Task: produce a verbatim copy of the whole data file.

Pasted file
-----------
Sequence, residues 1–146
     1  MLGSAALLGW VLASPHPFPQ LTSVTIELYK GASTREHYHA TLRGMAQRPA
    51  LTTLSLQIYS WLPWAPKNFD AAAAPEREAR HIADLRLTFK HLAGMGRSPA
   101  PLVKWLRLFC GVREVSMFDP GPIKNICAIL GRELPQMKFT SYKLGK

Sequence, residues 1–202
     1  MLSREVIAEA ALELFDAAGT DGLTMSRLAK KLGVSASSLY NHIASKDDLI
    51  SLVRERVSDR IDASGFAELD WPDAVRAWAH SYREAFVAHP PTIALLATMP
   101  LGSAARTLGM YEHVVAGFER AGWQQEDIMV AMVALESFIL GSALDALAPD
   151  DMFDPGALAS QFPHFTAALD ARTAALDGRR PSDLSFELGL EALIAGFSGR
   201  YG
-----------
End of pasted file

Sequence, residues 1–146
     1  MLGSAALLGW VLASPHPFPQ LTSVTIELYK GASTREHYHA TLRGMAQRPA
    51  LTTLSLQIYS WLPWAPKNFD AAAAPEREAR HIADLRLTFK HLAGMGRSPA
   101  PLVKWLRLFC GVREVSMFDP GPIKNICAIL GRELPQMKFT SYKLGK

Sequence, residues 1–202
     1  MLSREVIAEA ALELFDAAGT DGLTMSRLAK KLGVSASSLY NHIASKDDLI
    51  SLVRERVSDR IDASGFAELD WPDAVRAWAH SYREAFVAHP PTIALLATMP
   101  LGSAARTLGM YEHVVAGFER AGWQQEDIMV AMVALESFIL GSALDALAPD
   151  DMFDPGALAS QFPHFTAALD ARTAALDGRR PSDLSFELGL EALIAGFSGR
   201  YG